Rekom UK in rude health as sales exceed 2019 levels

Rekom UK, the UK’s largest specialist nightclub and late-night bar operator, has just reported a strong performance across its 47 clubs and bars since reopening its venues on 19 July 2021.

Financial and operational highlights:
• Q3 2021 sales £30,354k - 39.8% up on 2019 at £21,706k
• Q4 2021 sales £27,961k - 11% up on 2019 at £25,191k
• Q1 2022 sales £22,802k - 15.1% up on 2019 at £19,814k
• Q2 2022 sales £20,631k - 7.5% up on 2019 at £19,193k

• Spend per head increased 23% to £21.82 (2019: £17.71)

• Venue EBITDA increased 112% to £26.3m (2019: £12.4m), or 40% when omitting the ‘post Covid surge’ between July-September

• Increase in total dwell time, with guests arriving earlier and staying longer
• Continued focus on full price sales, resulting in a reduction in free admissions and discounting.

The group is not alone in experiencing strong trading. Many quoted and private businesses across the late-night economy - whose target audience aged 18-24 is less likely to feel the impact of a pending recession - are reporting positive like-for-like sales compared with pre-Covid. By contrast, many of those businesses with more focus on an older demographic are yet to fully recover their sales.

Rekom UK is ushering in a new era - the ‘Great Reset’ - with the health of the company the strongest it has been in years.

Its guests, the majority of whom are aged 18-24 do not have the same levels of exposure to the cost-of-living crisis, with the majority having no major financial burdens, and view a night out as an affordable treat, that remains part of everyday living. In addition, the recent CGA Business Confidence survey reported that younger consumers as the strongest returners to the hospitality industry.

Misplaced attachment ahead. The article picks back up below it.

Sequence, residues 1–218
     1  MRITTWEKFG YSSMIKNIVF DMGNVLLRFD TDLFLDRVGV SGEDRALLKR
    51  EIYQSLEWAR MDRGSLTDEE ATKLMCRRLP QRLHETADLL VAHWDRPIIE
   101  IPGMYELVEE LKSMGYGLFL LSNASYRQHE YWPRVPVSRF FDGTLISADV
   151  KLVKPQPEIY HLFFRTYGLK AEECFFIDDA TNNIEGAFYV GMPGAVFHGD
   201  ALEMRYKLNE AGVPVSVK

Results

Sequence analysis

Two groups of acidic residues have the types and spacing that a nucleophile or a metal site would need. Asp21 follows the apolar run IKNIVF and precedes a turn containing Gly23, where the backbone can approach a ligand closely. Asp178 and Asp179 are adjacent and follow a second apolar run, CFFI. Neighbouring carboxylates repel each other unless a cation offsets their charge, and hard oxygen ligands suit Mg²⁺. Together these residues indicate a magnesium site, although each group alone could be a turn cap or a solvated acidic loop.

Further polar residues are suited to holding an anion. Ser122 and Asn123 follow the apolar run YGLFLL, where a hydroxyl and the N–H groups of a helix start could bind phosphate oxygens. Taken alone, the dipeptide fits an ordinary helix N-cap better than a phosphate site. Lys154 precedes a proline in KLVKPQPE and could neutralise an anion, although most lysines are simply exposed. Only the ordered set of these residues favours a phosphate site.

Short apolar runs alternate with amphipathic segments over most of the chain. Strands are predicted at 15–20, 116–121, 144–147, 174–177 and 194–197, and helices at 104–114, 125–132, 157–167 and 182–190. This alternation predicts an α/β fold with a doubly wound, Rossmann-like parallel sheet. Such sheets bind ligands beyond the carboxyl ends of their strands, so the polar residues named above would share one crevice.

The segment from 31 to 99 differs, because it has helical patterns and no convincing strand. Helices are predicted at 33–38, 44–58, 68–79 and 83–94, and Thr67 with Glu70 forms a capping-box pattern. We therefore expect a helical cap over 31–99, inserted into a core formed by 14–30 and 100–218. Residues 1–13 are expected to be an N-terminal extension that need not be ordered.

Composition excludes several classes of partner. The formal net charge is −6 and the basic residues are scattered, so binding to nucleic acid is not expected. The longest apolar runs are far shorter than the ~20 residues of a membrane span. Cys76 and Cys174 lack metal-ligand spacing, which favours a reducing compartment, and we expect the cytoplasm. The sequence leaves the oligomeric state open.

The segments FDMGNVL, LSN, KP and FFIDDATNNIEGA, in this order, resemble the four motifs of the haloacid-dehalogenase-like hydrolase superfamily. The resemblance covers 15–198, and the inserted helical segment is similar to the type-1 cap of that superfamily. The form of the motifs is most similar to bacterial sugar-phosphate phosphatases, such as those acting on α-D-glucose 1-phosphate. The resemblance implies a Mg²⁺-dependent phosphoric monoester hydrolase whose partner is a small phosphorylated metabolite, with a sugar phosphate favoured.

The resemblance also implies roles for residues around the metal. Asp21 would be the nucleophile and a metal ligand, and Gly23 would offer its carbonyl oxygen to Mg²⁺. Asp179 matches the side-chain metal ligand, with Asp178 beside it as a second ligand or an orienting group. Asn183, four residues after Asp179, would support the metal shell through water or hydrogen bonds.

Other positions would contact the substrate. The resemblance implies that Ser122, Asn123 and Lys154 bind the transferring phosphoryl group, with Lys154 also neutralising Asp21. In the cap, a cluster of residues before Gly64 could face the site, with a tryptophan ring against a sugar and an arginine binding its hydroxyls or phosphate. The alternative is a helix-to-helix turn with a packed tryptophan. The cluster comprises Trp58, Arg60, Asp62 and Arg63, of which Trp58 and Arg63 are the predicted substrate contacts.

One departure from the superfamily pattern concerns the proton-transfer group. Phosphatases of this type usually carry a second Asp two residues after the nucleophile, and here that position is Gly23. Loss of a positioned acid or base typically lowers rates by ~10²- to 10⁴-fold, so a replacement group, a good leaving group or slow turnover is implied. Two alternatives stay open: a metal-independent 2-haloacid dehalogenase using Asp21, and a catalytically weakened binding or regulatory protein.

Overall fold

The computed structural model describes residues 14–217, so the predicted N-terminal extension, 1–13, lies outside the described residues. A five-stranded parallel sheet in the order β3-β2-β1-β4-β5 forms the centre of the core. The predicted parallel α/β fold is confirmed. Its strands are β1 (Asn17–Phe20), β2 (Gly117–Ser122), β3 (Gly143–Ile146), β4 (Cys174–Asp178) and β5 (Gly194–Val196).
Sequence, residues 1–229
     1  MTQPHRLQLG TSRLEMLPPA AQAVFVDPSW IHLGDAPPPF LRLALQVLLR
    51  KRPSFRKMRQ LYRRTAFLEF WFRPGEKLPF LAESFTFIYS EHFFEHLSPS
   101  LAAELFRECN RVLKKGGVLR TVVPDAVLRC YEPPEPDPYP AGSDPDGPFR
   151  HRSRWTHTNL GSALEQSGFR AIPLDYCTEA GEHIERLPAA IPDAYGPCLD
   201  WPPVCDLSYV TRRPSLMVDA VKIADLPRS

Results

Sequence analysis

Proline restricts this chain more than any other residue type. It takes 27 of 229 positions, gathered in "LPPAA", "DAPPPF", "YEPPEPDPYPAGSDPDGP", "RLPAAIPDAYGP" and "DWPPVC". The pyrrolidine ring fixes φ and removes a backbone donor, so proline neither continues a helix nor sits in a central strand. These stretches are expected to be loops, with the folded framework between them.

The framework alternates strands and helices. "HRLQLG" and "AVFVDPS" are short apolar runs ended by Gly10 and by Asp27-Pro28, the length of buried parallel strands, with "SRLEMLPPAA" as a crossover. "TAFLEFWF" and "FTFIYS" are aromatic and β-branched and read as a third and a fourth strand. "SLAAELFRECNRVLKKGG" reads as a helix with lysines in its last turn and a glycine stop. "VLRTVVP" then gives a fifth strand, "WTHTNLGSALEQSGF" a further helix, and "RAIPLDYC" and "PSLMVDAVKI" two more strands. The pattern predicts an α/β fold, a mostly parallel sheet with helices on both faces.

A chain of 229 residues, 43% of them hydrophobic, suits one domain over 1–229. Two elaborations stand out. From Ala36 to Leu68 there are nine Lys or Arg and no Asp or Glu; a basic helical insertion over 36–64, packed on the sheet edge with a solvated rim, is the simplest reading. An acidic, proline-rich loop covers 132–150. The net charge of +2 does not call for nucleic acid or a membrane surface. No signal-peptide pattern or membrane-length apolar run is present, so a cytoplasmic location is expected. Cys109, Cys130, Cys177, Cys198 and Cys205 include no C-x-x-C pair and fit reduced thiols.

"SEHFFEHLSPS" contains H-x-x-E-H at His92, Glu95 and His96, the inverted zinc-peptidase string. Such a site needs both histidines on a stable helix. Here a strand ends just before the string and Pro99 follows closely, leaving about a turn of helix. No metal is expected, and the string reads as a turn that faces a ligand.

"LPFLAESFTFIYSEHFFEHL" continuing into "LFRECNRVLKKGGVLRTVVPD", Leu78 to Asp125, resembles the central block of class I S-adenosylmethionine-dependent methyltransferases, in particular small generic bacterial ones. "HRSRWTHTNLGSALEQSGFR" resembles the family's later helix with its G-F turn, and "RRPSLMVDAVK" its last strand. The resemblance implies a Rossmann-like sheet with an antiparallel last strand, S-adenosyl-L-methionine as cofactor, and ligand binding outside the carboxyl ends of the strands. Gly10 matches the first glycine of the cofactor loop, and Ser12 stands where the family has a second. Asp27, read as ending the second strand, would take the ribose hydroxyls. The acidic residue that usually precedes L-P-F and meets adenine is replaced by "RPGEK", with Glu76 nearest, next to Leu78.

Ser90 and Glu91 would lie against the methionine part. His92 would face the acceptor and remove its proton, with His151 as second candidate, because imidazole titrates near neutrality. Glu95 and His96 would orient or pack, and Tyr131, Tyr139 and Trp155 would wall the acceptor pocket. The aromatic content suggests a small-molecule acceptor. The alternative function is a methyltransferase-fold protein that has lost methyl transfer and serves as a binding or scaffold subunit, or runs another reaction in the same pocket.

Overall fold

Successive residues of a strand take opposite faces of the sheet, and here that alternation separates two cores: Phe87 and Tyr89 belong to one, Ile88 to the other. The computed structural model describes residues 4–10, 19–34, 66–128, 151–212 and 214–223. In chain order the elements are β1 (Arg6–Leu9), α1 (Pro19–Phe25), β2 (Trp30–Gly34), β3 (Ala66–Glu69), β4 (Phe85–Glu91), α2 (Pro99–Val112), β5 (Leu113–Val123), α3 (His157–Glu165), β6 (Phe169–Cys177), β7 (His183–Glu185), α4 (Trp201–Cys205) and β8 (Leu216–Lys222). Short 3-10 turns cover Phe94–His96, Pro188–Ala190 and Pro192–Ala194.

As a result, and as Rekom’s performance illustrates, in spite of pressures such as the cost-of-living crisis, rising interest rates, staffing and Covid-19 debt, one the best performing areas of post-covid hospitality in the UK is that which targets the younger guest.

This contrasts sharply with those operators that are food-led, serve an older or more price-sensitive customer demographic, or have high energy consumption and have understandable concerns over their viability in the short term.

Rekom’s performance reflects broader long-term consumer trends. History shows that socialising remains relatively stable, even in hard times, hospitality sales have been largely unaffected across UK town centres.

Furthermore, analysis of available public company results of the last pre-covid recession (2008/9) shows those that operate in town and city centre sites, in part or in the main, performed better than most in the wider leisure sector and other areas of discretionary leisure spending.

Most had like-for-like sales in the -2% to +2% range with Wetherspoon for example reporting a +7.2% profit stating that the recession had little impact on trade.

Chairman Peter Marks commented, “We recognise that many operators are struggling though, particularly those with covid debt. A simple, if temporary, drop in VAT to 12.5% or rates relief will help all hospitality businesses and we support efforts to get this assistance. Yet we are sceptical as to whether the government can or will help further.

“That said, Rekom UK is in rude health. Our revenues and margin shave improved dramatically to exceed 2019 levels and are now stable, driven by our industry-leading venues and continued focus on good value for our guests. A visit to any Rekom UK venue still only costs, on average, circa £20.

“Looking ahead, whilst we cannot control the global economy, we know that good value, well-invested propositions thrive through times of adversity. We will continue to focus on our guests and doing what we do best, creating fun, safe nights out, to ensure that Rekom capitalises on demand to emerge from these challenges stronger than ever.”